This is a repost from my previous blog about how I trained for an Obstacle Course Race
Having completed my first obstacle course race (OCR), I have a better idea of what type of training you need to perform well. Even though I was happy with my finish, I know I could have done better. I now have a goal to beat for next year’s Superhero Scramble. Here is a training program I designed, which I would start 5-6 weeks out from the event.
In each of the weight training sessions, rest no more than 1 minute between sets. Always make sure to warm up properly before starting.
Back Squat – 3 sets of 10 at 80% One Rep Max
Dumbbell Walking Lunge – 3 sets of 10 lunges each leg
Deadlifts – 3 sets of 10 at 80% One Rep Max
Straight Leg Deadlifts – 3 sets of 10 at 75% One Rep Max
Stability Ball Hamstring Curls – 3 sets of 15
Bodyweight Calf Raise – 3 sets of 30
Raised Calf Farmer’s Walk – 3 sets to fatigue
Plank – 3 sets at 1 minute hold
Russian V Twist – 3 sets of 10
Hanging Leg Raise – 3 sets of 10
Strong legs are the foundation of being able to power up hills and pulling your legs out of mud. There were two different obstacles in my race that involved carrying deadweight (a cinder block and sand bag) through muck, mud, and mire. The farmer’s walk will build your endurance and strength for similar obstacles. A strong core is also needed for maintaining balance over balance beams and going downhill.
As you build toward the half way point of your training in week 3 or 4, you may want to increase the number of sets for squats, lunges, and deadlifts while decreasing the weight slightly. On your last week, decrease all weight and go back to just 3 sets.
30 minutes of running or bike
This is a race, so if you haven’t already built up your running endurance, you need to start.
Pull ups – 5 sets of 10
Bent over Row – 3 sets of 10 at 70% one rep max
Back extension – 3 sets of 12
Push ups – 5 sets of 10
Triceps dips – 3 sets of 10
Triceps Pull Down – 3 sets of 10 at 70% one rep max
You’ll need the back strength for all the climbing you’ll be doing. The triceps strength will help with climbing walls. As with Monday’s work out, try to increase the sets while decreasing weight at about the mid point in your training.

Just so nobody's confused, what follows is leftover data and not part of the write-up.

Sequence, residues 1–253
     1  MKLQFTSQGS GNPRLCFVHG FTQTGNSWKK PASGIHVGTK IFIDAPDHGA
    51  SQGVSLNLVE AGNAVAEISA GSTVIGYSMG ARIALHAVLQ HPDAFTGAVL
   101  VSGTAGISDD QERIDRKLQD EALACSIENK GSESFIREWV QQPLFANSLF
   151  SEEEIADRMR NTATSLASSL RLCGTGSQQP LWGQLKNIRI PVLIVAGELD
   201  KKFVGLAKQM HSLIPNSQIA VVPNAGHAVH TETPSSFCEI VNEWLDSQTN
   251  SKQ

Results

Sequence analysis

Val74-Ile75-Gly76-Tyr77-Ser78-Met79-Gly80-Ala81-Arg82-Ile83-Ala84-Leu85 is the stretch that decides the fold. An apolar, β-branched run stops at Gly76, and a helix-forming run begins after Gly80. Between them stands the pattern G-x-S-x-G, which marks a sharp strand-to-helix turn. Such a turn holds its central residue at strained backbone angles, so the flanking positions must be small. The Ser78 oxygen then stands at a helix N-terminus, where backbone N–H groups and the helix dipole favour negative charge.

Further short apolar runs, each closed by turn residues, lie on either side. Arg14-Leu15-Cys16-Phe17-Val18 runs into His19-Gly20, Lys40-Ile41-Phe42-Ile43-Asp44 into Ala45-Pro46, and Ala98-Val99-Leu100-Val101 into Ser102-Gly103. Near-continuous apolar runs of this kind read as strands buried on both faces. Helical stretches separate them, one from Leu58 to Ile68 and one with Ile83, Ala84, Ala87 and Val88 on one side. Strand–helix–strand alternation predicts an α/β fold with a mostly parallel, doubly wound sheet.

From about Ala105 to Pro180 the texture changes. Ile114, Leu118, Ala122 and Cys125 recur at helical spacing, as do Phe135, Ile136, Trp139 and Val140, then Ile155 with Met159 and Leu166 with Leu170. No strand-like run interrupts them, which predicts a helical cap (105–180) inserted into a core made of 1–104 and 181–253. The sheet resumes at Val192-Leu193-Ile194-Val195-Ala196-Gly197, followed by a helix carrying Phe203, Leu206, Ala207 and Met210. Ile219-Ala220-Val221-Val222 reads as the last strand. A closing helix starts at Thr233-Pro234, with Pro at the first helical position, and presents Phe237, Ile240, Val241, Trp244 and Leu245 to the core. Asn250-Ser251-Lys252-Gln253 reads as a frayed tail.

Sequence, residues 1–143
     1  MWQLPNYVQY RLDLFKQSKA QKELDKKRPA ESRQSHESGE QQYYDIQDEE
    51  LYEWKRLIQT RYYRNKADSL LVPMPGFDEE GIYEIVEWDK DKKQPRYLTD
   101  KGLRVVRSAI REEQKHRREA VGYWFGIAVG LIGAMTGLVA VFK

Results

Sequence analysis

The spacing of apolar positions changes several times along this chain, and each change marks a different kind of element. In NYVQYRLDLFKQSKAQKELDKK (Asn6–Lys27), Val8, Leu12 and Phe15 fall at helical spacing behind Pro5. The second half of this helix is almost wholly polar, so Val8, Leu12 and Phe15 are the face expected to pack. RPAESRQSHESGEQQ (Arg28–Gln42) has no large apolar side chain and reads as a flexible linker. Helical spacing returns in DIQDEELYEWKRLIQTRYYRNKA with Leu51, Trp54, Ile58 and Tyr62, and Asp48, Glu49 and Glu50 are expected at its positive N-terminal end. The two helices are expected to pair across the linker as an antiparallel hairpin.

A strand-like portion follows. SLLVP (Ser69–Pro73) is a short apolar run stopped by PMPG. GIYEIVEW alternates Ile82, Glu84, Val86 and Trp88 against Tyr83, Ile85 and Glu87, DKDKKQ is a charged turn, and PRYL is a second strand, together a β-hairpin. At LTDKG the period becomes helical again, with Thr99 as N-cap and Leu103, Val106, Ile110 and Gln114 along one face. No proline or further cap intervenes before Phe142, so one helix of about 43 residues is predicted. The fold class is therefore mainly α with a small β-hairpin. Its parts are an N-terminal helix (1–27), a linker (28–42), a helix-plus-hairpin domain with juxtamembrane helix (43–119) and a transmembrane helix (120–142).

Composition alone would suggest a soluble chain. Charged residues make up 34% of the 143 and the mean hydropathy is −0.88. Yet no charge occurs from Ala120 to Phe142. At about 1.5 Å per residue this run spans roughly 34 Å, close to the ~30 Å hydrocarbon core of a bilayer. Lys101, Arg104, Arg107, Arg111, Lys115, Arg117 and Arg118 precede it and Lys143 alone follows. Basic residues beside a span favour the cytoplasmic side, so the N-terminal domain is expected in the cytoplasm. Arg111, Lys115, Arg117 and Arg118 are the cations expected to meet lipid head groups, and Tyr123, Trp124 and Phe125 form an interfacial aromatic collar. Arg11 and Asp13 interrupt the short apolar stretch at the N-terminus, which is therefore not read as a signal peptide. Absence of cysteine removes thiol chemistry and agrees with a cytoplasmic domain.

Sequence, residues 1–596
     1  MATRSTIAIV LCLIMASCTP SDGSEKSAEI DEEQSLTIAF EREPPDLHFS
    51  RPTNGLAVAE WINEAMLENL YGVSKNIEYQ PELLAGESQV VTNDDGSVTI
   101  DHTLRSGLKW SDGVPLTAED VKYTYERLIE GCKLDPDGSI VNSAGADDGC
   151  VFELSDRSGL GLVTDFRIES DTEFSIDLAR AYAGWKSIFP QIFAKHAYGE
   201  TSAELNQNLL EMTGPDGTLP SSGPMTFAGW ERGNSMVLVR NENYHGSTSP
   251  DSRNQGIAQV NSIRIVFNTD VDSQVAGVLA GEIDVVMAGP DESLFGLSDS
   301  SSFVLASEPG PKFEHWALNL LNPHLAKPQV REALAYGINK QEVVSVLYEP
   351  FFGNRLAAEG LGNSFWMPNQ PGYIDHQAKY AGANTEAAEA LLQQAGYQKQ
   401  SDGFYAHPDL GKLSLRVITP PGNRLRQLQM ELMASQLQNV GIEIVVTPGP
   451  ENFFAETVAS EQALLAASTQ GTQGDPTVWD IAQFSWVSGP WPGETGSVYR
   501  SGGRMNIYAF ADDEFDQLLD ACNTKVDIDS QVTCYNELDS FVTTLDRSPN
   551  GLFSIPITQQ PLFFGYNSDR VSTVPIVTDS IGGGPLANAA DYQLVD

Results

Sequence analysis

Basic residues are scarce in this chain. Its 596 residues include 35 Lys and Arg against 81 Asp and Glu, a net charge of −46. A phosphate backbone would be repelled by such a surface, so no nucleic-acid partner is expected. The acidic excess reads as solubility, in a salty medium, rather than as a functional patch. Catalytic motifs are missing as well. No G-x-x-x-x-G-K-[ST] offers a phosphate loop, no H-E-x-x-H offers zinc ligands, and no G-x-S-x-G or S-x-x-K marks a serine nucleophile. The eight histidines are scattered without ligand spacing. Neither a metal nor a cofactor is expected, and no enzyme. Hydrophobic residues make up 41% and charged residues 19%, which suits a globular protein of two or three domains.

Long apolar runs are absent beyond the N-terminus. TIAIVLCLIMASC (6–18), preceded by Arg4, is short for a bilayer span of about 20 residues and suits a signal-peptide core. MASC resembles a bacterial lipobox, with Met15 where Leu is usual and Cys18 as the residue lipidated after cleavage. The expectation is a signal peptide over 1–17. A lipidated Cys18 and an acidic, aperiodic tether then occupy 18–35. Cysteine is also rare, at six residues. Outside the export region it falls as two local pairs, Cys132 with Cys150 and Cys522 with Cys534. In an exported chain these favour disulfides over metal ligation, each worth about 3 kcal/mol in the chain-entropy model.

30 minutes of hill runs
Find a descent hill in your neighborhood, one that has a challenging incline and is at least 50 yards or more. Simply run up and down the hill for at least 30 minutes. This will strengthen you mentally and physically for the hill running you will face.
5 Rounds of the following, with one to two minute rest in between each round:
100 meter jog
10 Box Jumps
3 reps of Monkey Bar Swings (Swing from one end of the monkey bars to the other – that’s one rep)
10 Chin Ups
Bear Crawl 30 yards
This is a playground workout. You can do the box jumps on a park bench, which there is usually one right by the monkey bars. I recommend wearing a pair of gloves, as the first time I did the monkey bar swings, I ended up with two large blisters on my hands. This work out is more focused around training your body to do the different moves you’ll find with obstacles like mud crawls and ring swings.
This run is meant to build your overall endurance for long distance running. If your race is shorter, say less than 4 or 5 miles, then you may want to try and run at least 5 to 6 miles. If it is longer, then you will want to try to match the distance but nothing less than 2 to 3 miles shorter. If you haven’t been running these distances until now, try to up your distance to about 10% of the distance you ran on your Tuesday run. Increase it by that 10% each week.
Personally, I like to have at least covered the distance that my run is going to be by about two weeks out before tapering off the following week. This is so I can know mentally what to expect.
Take a rest so you can recover and be ready to go all over again on Monday.